Now, I think that the way we need to discuss social policy again is in the spirit of the G.I. Bill, so one of the things I talk about is we ought not to have a situation where families, middle class or poor, have to worry forever about whether their kids -- if they can get into college -- are going to be able to go. I think there should be non-extortionate loan programs for those kids. At the same time, I think that Americans would feel good about the idea that we'd encourage people to pay back these loans, not just with money, but with time -- three years as a cop, three years as a teacher, three years as a doctor in a poor neighborhood or a rural area. That sense of linking rights and responsibilities, which I think a people sense comes to them neither from liberals nor from conservatives, is what people are looking for, I think, in the '90s and they haven't been getting it so far.
LAMB: Where did this book start?
DIONNE: I had been wanting for some time to do a kind of history of political and ideological movements in America. My friend, Peter Steinfels, who's a reporter now on the New York Times, wrote a book called "The Neo-Conservatives" back in the late '70s and I always loved the book. I thought he showed that a history of a political intellectual movement could actually be exciting. What I had always wanted to do was to say isn't it possible for somebody to write a history that would say how did liberals become the way they are now and how did conservatives become the way they are now. So that was sort of where the book started.

I had a long series of conversations with my editor at Simon & Schuster, Alice Mayhew, who had a very similar idea. She had also wanted such a book at some point, and so we talked about it and that was sort of where the seeds of the idea were planted. Then as 1988 went on, it became clearer and clearer that what liberalism and conservatism had become was increasingly unsatisfactory to an awful lot of people, so that the book, in a sense, in my own head became more critical as the 1988 campaign went on. The other source of it is I wrote a Ph.D. thesis on racial politics in Britain and the United States, and I was dissatisfied with the way liberals had handled their mission. That liberals, on the one had, deserved credit for carrying the message of racial tolerance and for trying to achieve the civil rights break-throughs, but I felt that they had mishandled the politics of it and had actually turned an awful lot of lower middle-class white people into conservatives when they didn't have to. I've always been interested in exploring those failures, so that also went into writing this book.
LAMB: Is it your first book?
DIONNE: It's my first book.
LAMB: How did you become even a candidate for writing a book? How did that process work?
DIONNE: I don't know. Essentially I had been writing for the New York Times for 14 years and had been writing for magazines like Commonweal and the New Republic here and there and had sort of a whole circle -- like all of us do -- of political friends, people you talk about politics with, and Alice Mayhew at Simon & Schuster was one of the friends whom I'd been talking to about politics long before I ever thought of writing a book. So I think it came out of these other things that I had done. I had done a lot of work on the Vatican when I was in Rome for the New York Times. Actually the first book idea that came my way was a book about the Catholic Church, which someday I would like to do. But that's sort of partly how I got into thinking about this.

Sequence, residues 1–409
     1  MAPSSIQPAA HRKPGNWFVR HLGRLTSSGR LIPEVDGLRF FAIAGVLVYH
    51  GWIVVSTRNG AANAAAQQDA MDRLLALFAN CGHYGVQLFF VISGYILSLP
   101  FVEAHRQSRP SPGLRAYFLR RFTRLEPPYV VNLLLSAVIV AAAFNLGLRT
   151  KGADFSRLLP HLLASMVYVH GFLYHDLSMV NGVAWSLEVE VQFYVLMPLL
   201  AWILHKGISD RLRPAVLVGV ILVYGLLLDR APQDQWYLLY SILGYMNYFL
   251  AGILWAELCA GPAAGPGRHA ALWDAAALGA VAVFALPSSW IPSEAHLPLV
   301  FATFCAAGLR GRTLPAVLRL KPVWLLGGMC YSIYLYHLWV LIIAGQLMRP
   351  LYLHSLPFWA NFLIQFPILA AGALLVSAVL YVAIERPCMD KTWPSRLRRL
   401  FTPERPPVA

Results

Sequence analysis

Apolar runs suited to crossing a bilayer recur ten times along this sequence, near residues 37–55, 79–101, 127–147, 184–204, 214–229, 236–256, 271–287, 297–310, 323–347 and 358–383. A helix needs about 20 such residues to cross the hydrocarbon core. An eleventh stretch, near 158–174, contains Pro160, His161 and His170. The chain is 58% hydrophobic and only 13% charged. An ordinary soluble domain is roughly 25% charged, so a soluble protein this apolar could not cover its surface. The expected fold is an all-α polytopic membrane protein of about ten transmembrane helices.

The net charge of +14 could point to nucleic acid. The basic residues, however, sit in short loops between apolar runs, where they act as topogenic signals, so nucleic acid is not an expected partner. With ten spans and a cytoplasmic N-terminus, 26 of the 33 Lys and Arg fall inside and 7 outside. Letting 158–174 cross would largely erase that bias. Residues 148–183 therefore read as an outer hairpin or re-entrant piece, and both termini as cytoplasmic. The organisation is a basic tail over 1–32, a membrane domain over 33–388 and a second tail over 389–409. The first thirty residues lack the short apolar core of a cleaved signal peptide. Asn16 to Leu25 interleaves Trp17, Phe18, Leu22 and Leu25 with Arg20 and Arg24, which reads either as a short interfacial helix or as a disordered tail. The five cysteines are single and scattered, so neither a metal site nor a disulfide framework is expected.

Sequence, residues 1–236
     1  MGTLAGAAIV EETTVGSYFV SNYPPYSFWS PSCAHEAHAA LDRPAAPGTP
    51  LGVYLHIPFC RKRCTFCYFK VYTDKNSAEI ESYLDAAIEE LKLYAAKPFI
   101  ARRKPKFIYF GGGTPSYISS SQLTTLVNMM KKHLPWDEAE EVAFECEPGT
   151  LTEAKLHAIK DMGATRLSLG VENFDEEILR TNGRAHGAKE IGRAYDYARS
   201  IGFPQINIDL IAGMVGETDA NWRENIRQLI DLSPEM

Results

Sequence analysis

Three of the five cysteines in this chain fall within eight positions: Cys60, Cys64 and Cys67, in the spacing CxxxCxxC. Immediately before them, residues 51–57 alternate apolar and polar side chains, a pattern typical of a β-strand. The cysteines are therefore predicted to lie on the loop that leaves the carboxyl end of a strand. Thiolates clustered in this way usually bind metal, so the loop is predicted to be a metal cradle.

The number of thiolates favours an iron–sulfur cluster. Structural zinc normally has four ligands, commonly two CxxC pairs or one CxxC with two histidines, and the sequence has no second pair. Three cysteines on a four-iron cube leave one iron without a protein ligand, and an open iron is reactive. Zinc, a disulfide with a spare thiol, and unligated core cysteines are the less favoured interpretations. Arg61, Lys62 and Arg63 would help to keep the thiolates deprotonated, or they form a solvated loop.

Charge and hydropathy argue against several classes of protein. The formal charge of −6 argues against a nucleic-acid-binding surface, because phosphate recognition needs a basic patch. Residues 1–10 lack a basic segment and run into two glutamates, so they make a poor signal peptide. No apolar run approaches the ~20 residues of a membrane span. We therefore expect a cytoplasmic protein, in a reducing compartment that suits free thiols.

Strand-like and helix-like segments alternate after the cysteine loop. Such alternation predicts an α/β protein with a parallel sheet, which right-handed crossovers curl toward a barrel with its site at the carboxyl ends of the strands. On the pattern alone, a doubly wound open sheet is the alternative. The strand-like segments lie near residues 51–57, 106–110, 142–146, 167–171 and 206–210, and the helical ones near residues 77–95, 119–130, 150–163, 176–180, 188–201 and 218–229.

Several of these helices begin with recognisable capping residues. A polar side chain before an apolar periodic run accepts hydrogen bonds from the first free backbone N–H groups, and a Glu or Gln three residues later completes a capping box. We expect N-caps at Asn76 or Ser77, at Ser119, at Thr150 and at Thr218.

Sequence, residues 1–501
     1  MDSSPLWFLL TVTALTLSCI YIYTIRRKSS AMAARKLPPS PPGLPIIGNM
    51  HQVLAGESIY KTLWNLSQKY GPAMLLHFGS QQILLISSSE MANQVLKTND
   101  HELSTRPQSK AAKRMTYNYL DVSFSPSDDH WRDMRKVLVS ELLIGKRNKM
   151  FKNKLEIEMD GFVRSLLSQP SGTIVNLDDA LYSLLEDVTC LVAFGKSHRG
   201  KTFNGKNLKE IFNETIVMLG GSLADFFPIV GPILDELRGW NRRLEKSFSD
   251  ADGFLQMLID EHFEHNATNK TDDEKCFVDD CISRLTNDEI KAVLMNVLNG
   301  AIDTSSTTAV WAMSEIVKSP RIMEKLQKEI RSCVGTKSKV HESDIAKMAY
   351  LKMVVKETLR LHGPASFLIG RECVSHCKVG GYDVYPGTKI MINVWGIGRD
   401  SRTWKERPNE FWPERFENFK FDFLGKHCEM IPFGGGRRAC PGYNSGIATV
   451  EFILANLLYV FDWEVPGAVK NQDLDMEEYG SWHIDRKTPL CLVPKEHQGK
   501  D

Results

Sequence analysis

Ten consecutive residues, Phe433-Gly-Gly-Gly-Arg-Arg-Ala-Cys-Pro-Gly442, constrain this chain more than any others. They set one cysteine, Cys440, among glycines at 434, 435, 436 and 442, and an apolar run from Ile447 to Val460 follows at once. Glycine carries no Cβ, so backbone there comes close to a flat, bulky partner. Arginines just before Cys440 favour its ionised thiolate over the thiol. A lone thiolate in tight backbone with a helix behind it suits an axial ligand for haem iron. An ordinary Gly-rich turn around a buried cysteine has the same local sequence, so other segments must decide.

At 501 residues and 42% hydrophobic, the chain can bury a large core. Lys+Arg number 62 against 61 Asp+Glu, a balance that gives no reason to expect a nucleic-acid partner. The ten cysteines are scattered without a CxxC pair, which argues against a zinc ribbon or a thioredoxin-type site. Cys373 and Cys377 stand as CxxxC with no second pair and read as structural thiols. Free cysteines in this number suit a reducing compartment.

LAMB: Do you have a contract to write more than one book?
DIONNE: I certainly want to write more than one book. I don't think I have a formal contract at the moment on that, but we've talked about it already.
LAMB: How long has this book been on the market?
DIONNE: Actually, the first time it appeared in a bookstore was on my late father's birthday, which was May 2. Actually the publication date was the end of May.
LAMB: What's the most satisfying thing that's happened since this book came out for you?
DIONNE: I think it's just watching people actually debate it. When you put a book out there, as you know from all the folks you've talked to, you have absolutely no idea how it's going to be received, and so, obviously, the reviews have been very gratifying. People have been very generous. I joke that people have tended more to read their own politics into the book than not, so I have not been at all maligned, but often aligned. That's been an interesting process. But I guess it's the notion that at least some people who are directly involved in the political debate, either in politics directly or among my colleagues, have sort of picked up on some of the ideas and run with them and started arguing about them. On a recent C-SPAN show, Governor [Bill] Clinton was quoting the book, and other people have been out there. So the notion that somehow I might contribute something to the political debate is probably the most satisfying thing about it.
LAMB: There's an obscure line -- I'm sure this individual's not obscure -- in the book that I tried to find somewhere else in the book where you would go back to further explain this and I didn't find it. Help me. You thank your wife-to-be for introducing you to a Cass Sunstein's ideas about civic republicanism. Who is that person?